Nov. 11 (Bloomberg) -- French cable provider Numericable SAS and British theme park operator Merlin Entertainments Plc had buyers rushing in the moment they started their initial public offerings. They also have higher debt than the average traded company in Europe.
Private equity-owned Merlin and Numericable rose about 10 percent and 15 percent respectively on their first day of trading on Nov. 8. Their success paves the way for firms including Terra Firma Capital Partners Ltd. and KKR & Co. to test European markets where the amount IPOs raised has about doubled compared with the same period in 2012, according to data compiled by Bloomberg.
“Investors have a higher risk appetite now, and that’s helping IPOs get done,” Harry Hampson, head of a JPMorgan Chase & Co. team advising private-equity firms in Europe, said in an interview. Volumes of private equity-backed offerings next year may rival what they were in the highs of 2007 as more owners look to exit, he said.
After the IPOs, Numericable and Merlin had net debt to earnings before interest, taxes, debt and amortization ratios of about four times and three times respectively, compared with a typical ratio of two times for companies on the Stoxx Europe 600 Index, according to data compiled by Bloomberg.
Guy Hands’s Terra Firma began an IPO of U.K. wind-power generator Infinis Plc last month and KKR-owned French flooring maker Tarkett SA filed to sell as much as 540 million euros ($722 million) in shares on the NYSE Euronext in Paris. The IPO will value Tarkett at as much as 2.17 billion euros, Chief Financial Officer Fabrice Barthelemy said on a call today.
Lenta LLC, a Russian hypermarket chain controlled by TPG Capital, and Cinven Ltd.-owned Gondola Group Ltd. are among companies that are considering selling stakes in the coming months, people with knowledge of the matter told Bloomberg News. ISS A/S, a Copenhagen-based provider of contract-cleaning staff owned by Goldman Sachs Group Inc.’s leveraged-buyout unit, and Swedish private-equity firm EQT Partners AB, may also go public in 2014.
Many private equity-backed IPOs this year were of companies that had attempted to come to market earlier, said Richard Brown, a partner at Latham & Watkins LLP in London. Next year will also see smaller issuers that haven’t tried to go public, he said in an interview.
“We’ve seen higher debt levels in IPO candidates compared with the last few years because many are from private-equity houses and that’s how they are structured,” said Maria Pinelli, global vice chairwoman of strategic growth markets at Ernst & Young LLP.
Merlin, owned by Blackstone Group LP, CVC Capital Partners Ltd. and Lego Group owner Kirkbi A/S, raised 957 million pounds ($1.5 billion) in its London IPO. Numericable, whose owners include Carlyle Group LP, Cinven and Altice Finco SA raised 652 million euros in its Paris IPO, the largest in France in four years. Both firms had enough demand for all the shares they offered on the first day of their sales, two people with knowledge of the matter said.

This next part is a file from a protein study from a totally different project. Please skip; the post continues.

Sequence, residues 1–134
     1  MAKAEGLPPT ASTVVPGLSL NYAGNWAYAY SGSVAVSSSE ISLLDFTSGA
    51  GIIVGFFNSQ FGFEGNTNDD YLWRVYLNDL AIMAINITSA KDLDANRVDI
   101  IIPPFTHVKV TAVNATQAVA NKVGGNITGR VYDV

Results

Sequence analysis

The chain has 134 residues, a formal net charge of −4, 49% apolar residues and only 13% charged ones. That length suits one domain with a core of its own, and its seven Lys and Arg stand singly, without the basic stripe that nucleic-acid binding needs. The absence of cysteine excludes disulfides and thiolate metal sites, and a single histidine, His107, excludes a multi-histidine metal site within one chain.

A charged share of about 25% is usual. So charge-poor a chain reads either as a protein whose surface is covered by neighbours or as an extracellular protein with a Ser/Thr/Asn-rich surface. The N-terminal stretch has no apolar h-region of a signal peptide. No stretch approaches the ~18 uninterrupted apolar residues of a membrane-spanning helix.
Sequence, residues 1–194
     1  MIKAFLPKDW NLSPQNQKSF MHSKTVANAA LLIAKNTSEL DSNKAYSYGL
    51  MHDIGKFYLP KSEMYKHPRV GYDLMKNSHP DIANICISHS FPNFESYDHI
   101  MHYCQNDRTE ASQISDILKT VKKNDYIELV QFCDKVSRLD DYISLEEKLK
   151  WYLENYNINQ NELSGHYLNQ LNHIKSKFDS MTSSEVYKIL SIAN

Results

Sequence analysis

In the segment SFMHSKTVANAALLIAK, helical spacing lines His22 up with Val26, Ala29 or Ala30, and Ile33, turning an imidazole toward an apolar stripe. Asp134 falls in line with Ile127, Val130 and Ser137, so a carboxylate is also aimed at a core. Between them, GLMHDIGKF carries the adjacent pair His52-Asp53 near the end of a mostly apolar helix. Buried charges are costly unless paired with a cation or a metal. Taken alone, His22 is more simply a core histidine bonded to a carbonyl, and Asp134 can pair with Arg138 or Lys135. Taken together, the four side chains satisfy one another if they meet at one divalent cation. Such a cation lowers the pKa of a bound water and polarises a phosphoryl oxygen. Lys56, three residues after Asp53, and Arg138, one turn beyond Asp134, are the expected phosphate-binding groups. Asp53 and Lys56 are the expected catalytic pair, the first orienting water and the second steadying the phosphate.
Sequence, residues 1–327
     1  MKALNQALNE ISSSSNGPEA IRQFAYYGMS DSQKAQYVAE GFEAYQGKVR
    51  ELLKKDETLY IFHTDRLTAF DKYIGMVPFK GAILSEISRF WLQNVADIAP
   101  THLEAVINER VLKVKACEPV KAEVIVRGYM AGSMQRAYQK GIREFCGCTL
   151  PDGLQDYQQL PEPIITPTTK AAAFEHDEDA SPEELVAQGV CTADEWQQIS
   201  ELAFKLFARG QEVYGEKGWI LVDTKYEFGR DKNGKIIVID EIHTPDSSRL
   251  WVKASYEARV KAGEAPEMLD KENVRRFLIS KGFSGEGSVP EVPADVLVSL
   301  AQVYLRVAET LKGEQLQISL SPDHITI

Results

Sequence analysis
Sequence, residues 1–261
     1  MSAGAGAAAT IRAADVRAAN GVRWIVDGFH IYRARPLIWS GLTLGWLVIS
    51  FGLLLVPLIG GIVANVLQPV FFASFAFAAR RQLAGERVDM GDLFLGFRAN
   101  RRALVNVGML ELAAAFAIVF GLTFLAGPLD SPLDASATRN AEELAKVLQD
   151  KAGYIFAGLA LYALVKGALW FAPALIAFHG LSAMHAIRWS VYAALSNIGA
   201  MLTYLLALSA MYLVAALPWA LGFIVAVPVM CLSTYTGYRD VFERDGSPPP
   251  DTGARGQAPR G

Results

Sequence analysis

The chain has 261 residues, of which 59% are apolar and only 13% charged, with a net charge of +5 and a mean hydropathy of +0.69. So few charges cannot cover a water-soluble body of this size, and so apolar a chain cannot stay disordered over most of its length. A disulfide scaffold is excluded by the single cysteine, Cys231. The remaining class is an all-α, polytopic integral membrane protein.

“What stands out compared to any other offer this year is that from 2009 Merlin began to report like a public company, giving annual reports and trading statements,” Thomas Zimmerhaeckel, a principal at Blackstone, said in an interview.
The fact that investors showed such strong demand for Numericable’s stock with its capital structure reflects that it is “appropriately levered,” Peter Catterall, a partner at Cinven, said in an interview.
“Companies have come through the economic crisis and are growing again so the question of debt is less urgent than it was earlier,” said Greg Bennett, the head of capital markets for Europe and the Americas at Fidelity Investment Services Ltd.
An analysis of 144 highly leveraged companies rated for the first time from 2010 showed they borrowed based on forecasts that proved “consistently too optimistic” on growth and cutting debt levels, Moody’s Investors Service said in October. “The underperformance is particularly worrying given the current low interest rates and indicates the potential for increased credit stresses as interest rates rise,” it said.
In August, Partnership Assurance Group Plc, owned by Cinven, fell the most since its June IPO after the Redhill, England-based annuity provider said its main market may not meet its 2013 growth target. The stock is up about 6 percent from its sale price, compared with average IPO gains of 21 percent in Europe this year, according to data compiled by Bloomberg.
“The fundamental story has not changed around Partnership -- there is still strong growth in the annuity market,” Cinven’s Catterall said.
Private equity-backed deals raised 38 percent of global IPO proceeds in the first 10 months of this year, compared with 20 percent in 2012, data from Ernst & Young show.
Buoyant debt markets are also helping buyout firms looking to sell stakes. Western European companies’ borrowing through leveraged loans in the first eight months of the year exceeded the amount raised in all of 2012, data compiled by Bloomberg show.
Private-equity owners and investment banks managing IPOs are aware their appeal may not last forever and are trying to get as many out the door as quickly as possible. They are also starting processes earlier, speaking to investors 18 to 24 months before the sales to ensure they are well acquainted with new companies.
“IPOs are a bit feast or famine,” said JPMorgan’s Hampson. “Either deals are subscribed and then everyone wants to jump in or investors take their time and then the market avoids them.”